I’m in an interesting dilemma. I’m just finishing up a book on global warming and nuclear power. The premise is this:
A. Global warming is a serious problem that should be solved.
B. Nuclear power is the only way we’re going to solve it.
It’s a simple premise that defies both liberal and conservatives — fair enough. But ultimately it could get both on the same side. Then we might get something done in the country. Environmentalists hate nuclear but they worry about global warming more. Conservatives pooh-pooh global warming but they do like nuclear power. So maybe we could get going on a nuclear economy that would at least free us from coal (the worst polluter) and maybe eventually cut into our imported oil.
When I came to the chapter on global warming, the argument seemed fairly cut-and-dried. I employed the graph put out by the United Nations International Panel on Climate Change in 2000. It shows global temperatures staying on a very even keel over the last 1,000 years until suddenly jetting upward into unknown territory since 1980. What could be simpler? Global warming is real.
Although I didn’t know it at the time, this graph is commonly referred, in good Silicon Valley fashion, to as the “hockey stick.”
Two months ago I tested the waters by writing a Spectator.org column called “Endorse Kyoto.” As I expected, a lot of people wrote in denouncing me for giving in to the liberals on global warming. What I didn’t expect was that many alert readers clued me in to something that has emerged over the last five years — the hockey stick is a fraud.
THE BIG PROBLEM FOR GLOBAL WARMING alarmists is a period called “The Medieval Warming,” which occurred from about 950 A.D. to 1350 A.D. It’s well known from the history books. The Vikings colonized Greenland in 982 A.D. and stayed until 1425 A.D., when the cold weather and permafrost drove them out. While there they mapped the northern coast of Greenland, which is now encased in ice (although it’s slowly melting). Leif Ericsson, blown off course while headed for Greenland in 1000 A.D., discovered “Vinland” — probably Nova Scotia — where he found wild wheat and grapes growing in abundance. Today the land is barren.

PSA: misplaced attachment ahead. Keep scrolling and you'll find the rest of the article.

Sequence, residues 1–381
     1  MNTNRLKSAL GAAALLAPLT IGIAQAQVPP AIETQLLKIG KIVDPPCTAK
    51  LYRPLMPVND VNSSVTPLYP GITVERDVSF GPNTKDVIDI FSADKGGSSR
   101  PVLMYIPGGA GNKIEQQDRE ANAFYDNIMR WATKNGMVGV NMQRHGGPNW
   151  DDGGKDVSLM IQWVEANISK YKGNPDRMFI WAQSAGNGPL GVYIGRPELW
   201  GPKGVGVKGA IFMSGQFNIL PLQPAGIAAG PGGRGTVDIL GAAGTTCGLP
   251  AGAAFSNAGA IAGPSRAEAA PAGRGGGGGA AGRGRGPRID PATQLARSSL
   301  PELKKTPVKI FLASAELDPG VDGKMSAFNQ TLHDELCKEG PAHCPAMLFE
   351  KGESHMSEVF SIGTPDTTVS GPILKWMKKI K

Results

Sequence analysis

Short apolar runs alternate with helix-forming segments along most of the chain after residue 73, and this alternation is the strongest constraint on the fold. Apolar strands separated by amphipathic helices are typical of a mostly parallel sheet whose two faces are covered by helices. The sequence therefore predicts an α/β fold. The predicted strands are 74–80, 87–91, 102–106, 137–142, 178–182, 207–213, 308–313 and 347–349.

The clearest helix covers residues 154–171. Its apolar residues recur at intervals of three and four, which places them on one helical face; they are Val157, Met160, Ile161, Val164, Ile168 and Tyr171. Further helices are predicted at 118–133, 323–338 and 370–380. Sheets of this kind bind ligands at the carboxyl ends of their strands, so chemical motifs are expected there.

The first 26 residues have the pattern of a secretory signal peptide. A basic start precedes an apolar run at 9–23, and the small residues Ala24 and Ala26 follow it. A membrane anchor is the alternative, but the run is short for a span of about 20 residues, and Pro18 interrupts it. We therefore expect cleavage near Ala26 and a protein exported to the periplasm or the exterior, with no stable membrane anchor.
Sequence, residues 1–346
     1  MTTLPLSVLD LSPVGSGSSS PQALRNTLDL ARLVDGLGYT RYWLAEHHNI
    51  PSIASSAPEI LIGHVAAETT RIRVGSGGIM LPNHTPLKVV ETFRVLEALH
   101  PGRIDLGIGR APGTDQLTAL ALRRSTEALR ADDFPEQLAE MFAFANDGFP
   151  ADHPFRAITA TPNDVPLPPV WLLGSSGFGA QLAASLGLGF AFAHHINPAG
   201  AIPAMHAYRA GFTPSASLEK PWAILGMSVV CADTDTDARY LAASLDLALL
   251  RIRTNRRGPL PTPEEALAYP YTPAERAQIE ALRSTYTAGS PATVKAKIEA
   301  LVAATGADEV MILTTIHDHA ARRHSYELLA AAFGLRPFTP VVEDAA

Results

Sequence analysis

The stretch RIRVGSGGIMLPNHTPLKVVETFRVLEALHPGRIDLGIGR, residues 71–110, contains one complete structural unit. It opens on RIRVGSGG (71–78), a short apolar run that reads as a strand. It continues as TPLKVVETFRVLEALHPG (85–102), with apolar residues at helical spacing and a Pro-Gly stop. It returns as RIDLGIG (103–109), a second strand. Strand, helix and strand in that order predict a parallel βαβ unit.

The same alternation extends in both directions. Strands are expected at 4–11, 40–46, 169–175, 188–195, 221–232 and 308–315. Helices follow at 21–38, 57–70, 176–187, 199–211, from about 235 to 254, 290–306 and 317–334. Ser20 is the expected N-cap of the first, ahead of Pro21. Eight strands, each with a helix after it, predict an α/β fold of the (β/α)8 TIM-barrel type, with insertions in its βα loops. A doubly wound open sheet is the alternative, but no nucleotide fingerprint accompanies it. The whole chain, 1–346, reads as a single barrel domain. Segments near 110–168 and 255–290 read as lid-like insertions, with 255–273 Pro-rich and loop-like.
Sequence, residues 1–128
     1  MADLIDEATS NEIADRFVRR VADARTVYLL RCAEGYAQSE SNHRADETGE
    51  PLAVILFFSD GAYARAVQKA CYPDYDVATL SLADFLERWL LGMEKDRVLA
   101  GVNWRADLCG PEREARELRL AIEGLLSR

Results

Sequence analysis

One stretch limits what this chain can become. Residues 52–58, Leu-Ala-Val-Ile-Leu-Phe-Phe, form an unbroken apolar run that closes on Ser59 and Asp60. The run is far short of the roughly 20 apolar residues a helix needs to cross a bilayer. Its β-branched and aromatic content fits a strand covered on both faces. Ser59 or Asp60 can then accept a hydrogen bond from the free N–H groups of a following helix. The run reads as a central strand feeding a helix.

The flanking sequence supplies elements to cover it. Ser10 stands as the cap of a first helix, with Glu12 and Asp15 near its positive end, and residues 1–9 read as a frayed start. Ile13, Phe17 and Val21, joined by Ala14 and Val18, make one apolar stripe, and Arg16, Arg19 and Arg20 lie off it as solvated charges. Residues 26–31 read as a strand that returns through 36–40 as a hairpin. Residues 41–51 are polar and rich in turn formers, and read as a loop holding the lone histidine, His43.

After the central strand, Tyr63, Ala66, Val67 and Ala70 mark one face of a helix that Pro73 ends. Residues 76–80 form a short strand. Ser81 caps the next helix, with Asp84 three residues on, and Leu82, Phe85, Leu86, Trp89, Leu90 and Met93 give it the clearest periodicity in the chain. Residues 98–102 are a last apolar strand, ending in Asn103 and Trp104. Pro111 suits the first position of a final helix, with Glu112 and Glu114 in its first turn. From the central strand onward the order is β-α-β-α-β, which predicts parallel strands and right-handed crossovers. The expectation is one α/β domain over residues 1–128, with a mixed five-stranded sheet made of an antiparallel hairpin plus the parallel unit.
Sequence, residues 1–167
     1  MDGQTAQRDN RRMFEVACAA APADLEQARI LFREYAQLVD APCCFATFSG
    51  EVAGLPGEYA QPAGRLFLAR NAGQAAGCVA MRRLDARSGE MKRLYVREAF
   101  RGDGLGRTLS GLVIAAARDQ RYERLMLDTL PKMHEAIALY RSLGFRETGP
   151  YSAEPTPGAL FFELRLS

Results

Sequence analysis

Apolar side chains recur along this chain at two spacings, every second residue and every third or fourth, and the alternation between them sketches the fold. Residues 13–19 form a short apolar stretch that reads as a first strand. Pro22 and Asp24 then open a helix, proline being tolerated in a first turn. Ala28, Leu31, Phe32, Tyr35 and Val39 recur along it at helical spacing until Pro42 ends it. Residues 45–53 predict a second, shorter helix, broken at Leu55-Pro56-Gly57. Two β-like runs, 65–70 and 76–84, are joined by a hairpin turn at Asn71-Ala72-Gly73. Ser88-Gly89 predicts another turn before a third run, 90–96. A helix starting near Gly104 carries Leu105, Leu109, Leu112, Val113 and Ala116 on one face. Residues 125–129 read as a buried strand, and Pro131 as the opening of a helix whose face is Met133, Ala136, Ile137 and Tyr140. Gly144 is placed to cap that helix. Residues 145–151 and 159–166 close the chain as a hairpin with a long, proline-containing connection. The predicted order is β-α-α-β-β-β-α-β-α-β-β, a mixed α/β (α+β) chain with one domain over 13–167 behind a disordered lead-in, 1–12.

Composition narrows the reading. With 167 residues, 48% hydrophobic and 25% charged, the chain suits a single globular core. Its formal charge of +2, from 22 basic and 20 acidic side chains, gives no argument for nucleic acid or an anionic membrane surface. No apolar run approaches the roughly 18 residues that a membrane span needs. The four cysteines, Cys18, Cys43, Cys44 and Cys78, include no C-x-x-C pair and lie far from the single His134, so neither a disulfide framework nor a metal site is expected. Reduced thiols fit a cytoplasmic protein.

In fact, the IPCC had known about the Medieval Warming all along. In 1996 it published a temperature graph that clearly showed the Medieval Warming. There wasn’t any dispute at that point.
What happened? Somehow a Ph.D. student at the University of Massachusetts named Michael Mann did some fancy things with some tree-ring data from California in 1998 and came up with the “hockey stick.” Such a blatantly ahistorical effort would have only raised eyebrows under ordinary circumstances, but it turned out to be just what the UN wanted — proof that global warming was unprecedented! The IPCC made the hockey stick the centerpiece of its 2001 Climate Report. Bill Clinton also used it as the centerpiece of his 2000 National Report on Climate Change. The government of Canada sent a copy of the graph to every household in the country. In the end, the IPCC appointed Mann editor of its Journal of Climate — not bad for a lowly Ph.D. student.
Slowly the criticisms trickled in. Two Canadian statisticians, Stephen McIntyre and Ross McKitrick, examined Mann’s algorithms and found that any random data plugged into the equations produced the same hockey stick. The hockey-stick fraud was also the subject of Michael Crichton’s State of Fear.
The Hudson Institute has just published an excellent book, Unstoppable Global Warming: Every 1,500 Years, chronicling the whole controversy and more. Authors S. Fred Singer and Dennis Avery present their own counter-theory — that the earth goes through regular 1,500-year cycles of warming and cooling, driven by the fluctuating intensity of the sun. There was a Roman Warming from 200 B.C. to 600 A.D. — and of course the well-documented Little Ice Age from 1300 to 1850, when Europe nearly froze to death.p>All this is part of the guerrilla warfare that is going on between proponents and skeptics of global warming. Dennis Deming, a climate scientist at the University of Oklahoma, recently told the Senate about his experience in the field: br> /p>
A man of faith in a godless age is hitting Americans where it hurts.
Mr. and Mrs. American Spectator Reader, let P.J. O’Rourke talk sense to your kids.
In Britain, defending your property can get you life.
The debacle of this president’s administration is both a cause and a symptom of the decline of American values. Unless Congress impeaches him, that decline will go on unchecked. An eminent jurist surveys the damage and assesses the chances for the recovery of our culture.
It won’t take long for conservatives to scratch this presidential wannabe off their 2008 scorecard.
The American Christmas, like the songs that celebrate it, makes room for everybody under the rainbow. Is that why so many people seem to be hostile to it?
Was the President done in by the economy, or by the politics of the economy?